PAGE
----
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Supply Chain Management: Best Practices for Small and Medium Companies

August 14, 2008

Third Party Logistics

A third-party logistics provider (3PL) is an asset-based or non-asset-based company that manages one or more logistics processes or operations (typically, transportation or warehousing) for another company.

Most companies (80 percent within North America and at least 70 percent in other industrial regions of the world) are already using an outsourcer for at least one key supply chain task. These outsourcers, known in supply chain circles as 3PLs, have grown within the past decade to become a domestic market worth nearly $100 billion in 2005, according to market research firm Armstrong & Associates.

The services most frequently outsourced to a 3PL, according to a study conducted by Northeastern University and consulting firm Accenture, are:

  • Direct transportation services (67 percent of responding companies)

  • Customs brokerage (58 percent)

  • Freight payment services (54 percent)

  • Freight forwarding (46 percent)

  • Warehouse management (46 percent)

  • Shipment consolidation (42 percent

Separating Supply Chain Core Needs from Secondary Wants

Much of the motivation behind this trend is that companies are increasingly being challenged to focus on their core competencies. The question constantly being put to them is: How good are you at what you do, in every aspect of your business? Many companies are best-in-class at designing products, for instance, but are strictly average in the actual building of them. In previous generations, that might have been a black mark against the company, but today the ability to accurately assess your strengths and weaknesses is itself a best practice. Many of the noncore tasks that manufacturers once routinely performed just because that’s the way things got done are now being outsourced to companies that specialize in offering a narrow niche of services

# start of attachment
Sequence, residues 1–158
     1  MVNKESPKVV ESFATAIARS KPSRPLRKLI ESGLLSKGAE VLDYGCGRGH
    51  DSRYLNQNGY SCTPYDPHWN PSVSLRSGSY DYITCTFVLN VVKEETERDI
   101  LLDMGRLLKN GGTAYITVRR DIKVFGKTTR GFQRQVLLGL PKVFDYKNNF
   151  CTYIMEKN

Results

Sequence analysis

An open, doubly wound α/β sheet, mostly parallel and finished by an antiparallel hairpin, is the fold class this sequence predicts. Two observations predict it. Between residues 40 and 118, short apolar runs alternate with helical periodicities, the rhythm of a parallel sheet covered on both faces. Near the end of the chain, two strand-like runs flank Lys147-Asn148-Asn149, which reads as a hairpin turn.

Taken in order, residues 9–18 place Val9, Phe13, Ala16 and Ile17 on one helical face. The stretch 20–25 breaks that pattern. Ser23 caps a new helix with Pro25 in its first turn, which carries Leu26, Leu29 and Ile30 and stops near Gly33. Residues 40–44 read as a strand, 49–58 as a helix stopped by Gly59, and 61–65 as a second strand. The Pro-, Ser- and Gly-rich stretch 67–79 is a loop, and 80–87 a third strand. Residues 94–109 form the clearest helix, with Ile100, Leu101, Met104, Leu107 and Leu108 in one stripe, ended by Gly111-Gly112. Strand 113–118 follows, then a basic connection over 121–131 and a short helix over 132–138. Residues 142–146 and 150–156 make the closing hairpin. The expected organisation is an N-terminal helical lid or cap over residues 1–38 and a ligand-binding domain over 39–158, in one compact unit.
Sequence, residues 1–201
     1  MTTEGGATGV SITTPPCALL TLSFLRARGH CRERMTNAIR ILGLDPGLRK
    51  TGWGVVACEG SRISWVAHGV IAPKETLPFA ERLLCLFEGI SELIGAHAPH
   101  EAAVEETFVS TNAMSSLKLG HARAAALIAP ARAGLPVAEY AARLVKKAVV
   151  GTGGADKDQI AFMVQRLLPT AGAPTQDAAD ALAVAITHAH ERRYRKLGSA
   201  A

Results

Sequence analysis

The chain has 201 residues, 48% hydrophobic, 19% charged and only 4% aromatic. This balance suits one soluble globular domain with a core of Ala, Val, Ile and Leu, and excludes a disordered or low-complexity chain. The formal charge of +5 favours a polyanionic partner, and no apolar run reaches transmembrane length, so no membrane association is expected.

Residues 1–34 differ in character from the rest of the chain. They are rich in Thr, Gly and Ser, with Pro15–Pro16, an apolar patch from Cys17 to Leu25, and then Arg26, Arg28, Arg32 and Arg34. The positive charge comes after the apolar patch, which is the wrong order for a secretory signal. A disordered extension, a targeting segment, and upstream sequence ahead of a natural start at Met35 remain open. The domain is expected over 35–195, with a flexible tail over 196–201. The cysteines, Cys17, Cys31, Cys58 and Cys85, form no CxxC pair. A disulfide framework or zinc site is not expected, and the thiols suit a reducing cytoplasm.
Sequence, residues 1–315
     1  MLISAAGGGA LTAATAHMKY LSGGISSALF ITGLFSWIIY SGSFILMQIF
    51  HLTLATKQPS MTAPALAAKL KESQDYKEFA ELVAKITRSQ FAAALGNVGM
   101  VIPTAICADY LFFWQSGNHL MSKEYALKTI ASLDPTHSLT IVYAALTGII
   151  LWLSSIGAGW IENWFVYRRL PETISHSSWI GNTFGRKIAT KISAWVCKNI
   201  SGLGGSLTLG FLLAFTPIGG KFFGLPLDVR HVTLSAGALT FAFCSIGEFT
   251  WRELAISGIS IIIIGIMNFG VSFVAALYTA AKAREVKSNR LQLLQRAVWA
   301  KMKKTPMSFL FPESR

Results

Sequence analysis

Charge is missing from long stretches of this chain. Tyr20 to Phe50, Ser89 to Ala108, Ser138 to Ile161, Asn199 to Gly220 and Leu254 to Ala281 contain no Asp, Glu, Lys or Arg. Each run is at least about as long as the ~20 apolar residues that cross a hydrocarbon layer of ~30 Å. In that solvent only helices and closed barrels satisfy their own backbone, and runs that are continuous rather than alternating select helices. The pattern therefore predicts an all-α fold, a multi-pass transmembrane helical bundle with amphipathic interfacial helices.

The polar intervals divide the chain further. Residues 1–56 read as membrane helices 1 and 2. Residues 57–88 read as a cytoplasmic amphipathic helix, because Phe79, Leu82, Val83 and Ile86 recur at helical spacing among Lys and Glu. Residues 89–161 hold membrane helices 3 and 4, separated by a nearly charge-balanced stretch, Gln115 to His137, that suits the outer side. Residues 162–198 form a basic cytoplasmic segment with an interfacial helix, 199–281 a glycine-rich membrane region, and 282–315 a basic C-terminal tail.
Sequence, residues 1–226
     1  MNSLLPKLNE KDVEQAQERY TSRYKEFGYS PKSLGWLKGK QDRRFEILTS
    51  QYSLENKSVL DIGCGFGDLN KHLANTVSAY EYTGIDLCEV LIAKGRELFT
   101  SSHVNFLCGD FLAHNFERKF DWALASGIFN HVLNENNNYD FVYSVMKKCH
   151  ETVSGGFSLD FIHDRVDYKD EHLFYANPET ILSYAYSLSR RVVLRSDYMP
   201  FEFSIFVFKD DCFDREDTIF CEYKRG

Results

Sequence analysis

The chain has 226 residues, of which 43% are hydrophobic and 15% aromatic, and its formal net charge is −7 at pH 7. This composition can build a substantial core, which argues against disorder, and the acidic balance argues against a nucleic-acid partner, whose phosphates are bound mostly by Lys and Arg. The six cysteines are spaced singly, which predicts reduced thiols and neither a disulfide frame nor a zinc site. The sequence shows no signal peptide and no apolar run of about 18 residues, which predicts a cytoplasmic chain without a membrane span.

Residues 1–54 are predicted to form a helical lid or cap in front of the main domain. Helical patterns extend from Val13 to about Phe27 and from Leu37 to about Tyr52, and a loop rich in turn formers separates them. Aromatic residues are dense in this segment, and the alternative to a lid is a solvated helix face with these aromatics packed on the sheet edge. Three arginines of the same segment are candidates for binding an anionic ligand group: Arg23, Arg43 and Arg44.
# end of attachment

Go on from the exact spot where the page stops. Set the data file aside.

All of the activities a typical manufacturing company has to perform can be broken down into four categories of essential and nonessential tasks:

  1. Primary core tasks: Things that differentiate you in the marketplace (e.g., production, product design, production planning, and scheduling)

  2. Secondary core tasks: Things that need to be done well but are not visible to the customer (e.g., procurement, logistics, human resources, maintenance)

  3. Primary noncore tasks: Things that if not done well can have a negative impact on your customer relationships (e.g., information technology, finance and accounting, sales and marketing)

  4. Secondary noncore tasks: Things that need to be done but do not have a significant impact on the success of your business (e.g., real estate, food service, landscaping

Outpacing The Competition

Outsourcing a supply chain process can help a company achieve several benefits, particularly by enabling them to focus on their core business. As top, consultants with Cap Gemini Ernst & Young, point out, a third-party outsourcer can also help a company:

  • Tap into unrealized cost savings by leveraging spend across the enterprise.

  • Accelerate the achievement of results.

  • Provide better tracking of key operational functions.

  • Add value by converting operations from overhead to competitive strength.

  • Decrease supplier costs through leverage of volume discounts, objectivity, and reduced cycle times.

  • Improve adherence to policies.

  • Improve inventory performance through sophisticated statistical techniques.

  • Outpace competition through use of leading-edge technology and best practices methodologie

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